On Tuesday morning, the Prime Minister announced that she would be calling for an early General Election to take place on the 8th of June. This came as quite a surprise to both MPs and the public, as Theresa May had stated repeatedly in the past that she had no intention of calling for an early election.
Parliamentary terms last five years, meaning that the next election was scheduled for 2020. The Prime Minister has claimed that this decision was due to too many divisions in Parliament, which were causing problems. With Brexit negotiations underway, the Prime Minister wants a larger majority in order to make it simpler to pass bills. With the state of the polls at the moment, it is seeming likely that the Conservatives may come away with a landslide majority which could potentially near triple figures. Her hope will be to completely weaken the opposition, who are in many ways seen as completely divided at the moment. Polls suggest that people are not seeing a viable alternative to the Conservative leadership, and there is nothing to suggest she won’t achieve an incredible majority.
‘there is nothing to suggest she won’t achieve an incredible majority.’
The Conservative Party will also hope that the general election allows for an easier process with passing bills in the House of Lords. In UK legislation, the Lords pass bills easily which are on the manifesto of the party in charge. As the Conservative manifesto at the last election was written under David Cameron, this provides Theresa May with the opportunity to produce a manifesto which will pass bills faster in the House of Lords.
Many people are questioning why Theresa May has decided not to participate in television debates for this election. The debates are organised for the public to scrutinise and address the policies and manifestos of party leaders. As May avoids these debates, this could lead the public to question how open she will be about her plans. She claims to be focusing on knocking on people’s doors and addressing their concerns directly. However, as she is set to win such a large majority, the ability of the public to question her plans is more important than ever.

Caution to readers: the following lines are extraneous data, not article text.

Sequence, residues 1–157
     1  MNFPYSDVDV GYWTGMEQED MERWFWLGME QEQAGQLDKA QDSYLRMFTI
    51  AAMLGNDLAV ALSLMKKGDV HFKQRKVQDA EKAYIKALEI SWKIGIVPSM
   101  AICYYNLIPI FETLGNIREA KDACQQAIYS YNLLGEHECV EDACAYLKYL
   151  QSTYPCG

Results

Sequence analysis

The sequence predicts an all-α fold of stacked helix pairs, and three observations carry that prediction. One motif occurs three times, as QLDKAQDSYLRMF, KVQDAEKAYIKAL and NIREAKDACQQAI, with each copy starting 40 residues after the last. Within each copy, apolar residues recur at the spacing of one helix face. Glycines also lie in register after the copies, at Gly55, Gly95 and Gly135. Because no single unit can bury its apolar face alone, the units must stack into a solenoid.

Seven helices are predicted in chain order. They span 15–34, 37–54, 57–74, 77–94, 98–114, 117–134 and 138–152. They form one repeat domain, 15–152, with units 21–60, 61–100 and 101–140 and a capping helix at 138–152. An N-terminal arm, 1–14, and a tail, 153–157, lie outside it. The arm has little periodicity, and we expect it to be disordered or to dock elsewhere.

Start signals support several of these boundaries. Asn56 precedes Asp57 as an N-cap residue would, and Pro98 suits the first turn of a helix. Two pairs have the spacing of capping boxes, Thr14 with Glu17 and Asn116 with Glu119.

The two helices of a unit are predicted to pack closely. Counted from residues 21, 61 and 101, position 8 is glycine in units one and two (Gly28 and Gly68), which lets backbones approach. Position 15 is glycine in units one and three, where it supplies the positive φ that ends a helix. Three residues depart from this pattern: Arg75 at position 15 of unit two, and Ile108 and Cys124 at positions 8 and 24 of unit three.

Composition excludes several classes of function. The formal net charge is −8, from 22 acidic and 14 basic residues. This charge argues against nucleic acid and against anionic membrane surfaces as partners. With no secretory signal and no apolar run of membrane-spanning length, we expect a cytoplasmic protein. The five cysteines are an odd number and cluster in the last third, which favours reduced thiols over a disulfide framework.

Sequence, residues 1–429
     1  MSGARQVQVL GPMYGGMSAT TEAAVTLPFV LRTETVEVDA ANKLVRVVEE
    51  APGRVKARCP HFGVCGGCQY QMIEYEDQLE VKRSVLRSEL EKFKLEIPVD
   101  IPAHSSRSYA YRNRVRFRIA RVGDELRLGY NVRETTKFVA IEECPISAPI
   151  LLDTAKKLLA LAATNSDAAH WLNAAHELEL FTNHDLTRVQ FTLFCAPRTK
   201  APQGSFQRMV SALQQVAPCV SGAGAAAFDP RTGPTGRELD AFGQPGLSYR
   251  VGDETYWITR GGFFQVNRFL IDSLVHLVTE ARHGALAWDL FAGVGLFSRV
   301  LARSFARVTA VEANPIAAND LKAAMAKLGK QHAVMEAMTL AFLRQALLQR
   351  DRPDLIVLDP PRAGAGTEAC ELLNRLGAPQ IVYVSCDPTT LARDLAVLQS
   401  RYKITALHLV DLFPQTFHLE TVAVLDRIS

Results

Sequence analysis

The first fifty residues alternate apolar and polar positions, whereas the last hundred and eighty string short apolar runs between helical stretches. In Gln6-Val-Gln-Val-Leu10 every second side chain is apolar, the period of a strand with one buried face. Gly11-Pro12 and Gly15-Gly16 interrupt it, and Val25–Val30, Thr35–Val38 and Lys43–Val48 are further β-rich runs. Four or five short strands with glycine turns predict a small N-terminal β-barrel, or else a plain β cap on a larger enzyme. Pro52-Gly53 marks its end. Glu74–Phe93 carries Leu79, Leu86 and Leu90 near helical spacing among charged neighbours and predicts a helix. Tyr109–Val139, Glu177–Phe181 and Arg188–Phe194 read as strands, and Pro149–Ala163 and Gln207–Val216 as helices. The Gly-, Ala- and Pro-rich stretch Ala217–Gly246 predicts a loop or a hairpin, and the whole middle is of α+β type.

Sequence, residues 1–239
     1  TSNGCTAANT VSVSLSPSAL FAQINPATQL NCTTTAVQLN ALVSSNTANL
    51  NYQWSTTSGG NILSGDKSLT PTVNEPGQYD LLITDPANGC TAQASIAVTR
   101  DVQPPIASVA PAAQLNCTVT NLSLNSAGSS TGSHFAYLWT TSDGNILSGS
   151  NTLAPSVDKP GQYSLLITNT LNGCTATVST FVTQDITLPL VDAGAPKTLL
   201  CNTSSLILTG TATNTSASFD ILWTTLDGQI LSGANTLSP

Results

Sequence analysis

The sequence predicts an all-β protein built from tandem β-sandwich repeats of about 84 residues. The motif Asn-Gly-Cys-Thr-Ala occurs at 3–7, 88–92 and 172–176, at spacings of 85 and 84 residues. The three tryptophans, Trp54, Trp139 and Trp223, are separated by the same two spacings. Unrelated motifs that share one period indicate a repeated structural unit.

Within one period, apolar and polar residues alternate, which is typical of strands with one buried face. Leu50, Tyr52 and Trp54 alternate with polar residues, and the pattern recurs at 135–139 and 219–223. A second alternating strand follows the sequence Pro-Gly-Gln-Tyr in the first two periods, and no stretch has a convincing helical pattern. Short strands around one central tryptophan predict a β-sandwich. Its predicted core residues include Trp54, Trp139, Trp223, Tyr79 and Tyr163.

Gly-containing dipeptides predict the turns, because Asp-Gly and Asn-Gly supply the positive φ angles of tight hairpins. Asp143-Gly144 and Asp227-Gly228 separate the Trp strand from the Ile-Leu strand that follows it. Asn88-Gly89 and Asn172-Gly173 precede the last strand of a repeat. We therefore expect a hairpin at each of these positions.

‘The real race however will be for the opposition.’
Given the current state of the Labour Party, the election will really test their support. Jeremy Corbyn’s leadership has divided members and MPs, with many top MPs speaking openly about their dislike for the party leader. Corbyn stated ‘I welcome the Prime Minister’s decision to give the British people the chance to vote for a government that will put the interests of the majority first’. He continued to say that ‘Labour will be offering the country an effective alternative to a government that has failed’.
Corbyn has introduced controversial policies recently, including a plan to class everyone who makes over £70,000 a year as wealthy. This could eliminate a sector of the labour parties voters, and leaves many labour MPs planning to campaign without an image of Corbyn on their leaflet.
At general elections, many people often question whether they should be voting based on the leader of the party, who would be Prime Minister if they were to win, or if they should vote solely based on the MP. It is often challenging to not bring the party leader into consideration when deciding which party to support, especially as in the past TV debates have placed the leader’s policies under scrutiny, much more so than individual MPs.
Many people believe that Labour lost support in the last election due to worries they could form a coalition with the Scottish National Party. However, Corbyn has immediately ruled it out this time as he remarked ‘there will be no coalition deal with the SNP and a Labour government’. The SNP abstained from the vote in Parliament about the election, as they are set to lose many seats. Similarly, many are questioning the viability of UKIP. Former leader Nigel Farage has confirmed he will not be standing again, and with Brexit in place, it does not seem they have many relevant policies left.
Labour is not the only party being tested at this coming election. After the dramatic downfall of the Liberal Democrats at the 2015 election, the party stands to reclaim many of their seats. With a new leader, they are hoping their past mistakes will be behind them. Nick Clegg resigned as leader immediately after the last election, but has announced he will be standing again this year. With many people concerned about the labour leadership, it is likely that voters will look closer at the LibDems than before. With a strong leader, they may pose the best chance at forming an opposition government. However well they perform, it is almost impossible for them not to do well if their success is placed in terms of percentages. A gain of nine seats, would leave them celebrating a 100% increase in seats.
Theresa May does seem incredibly confident that she will achieve a large majority. Her government is strong and stable, and the increased majority will ease the process of negotiating with the EU. The race for opposition will be the hardest battle in this election.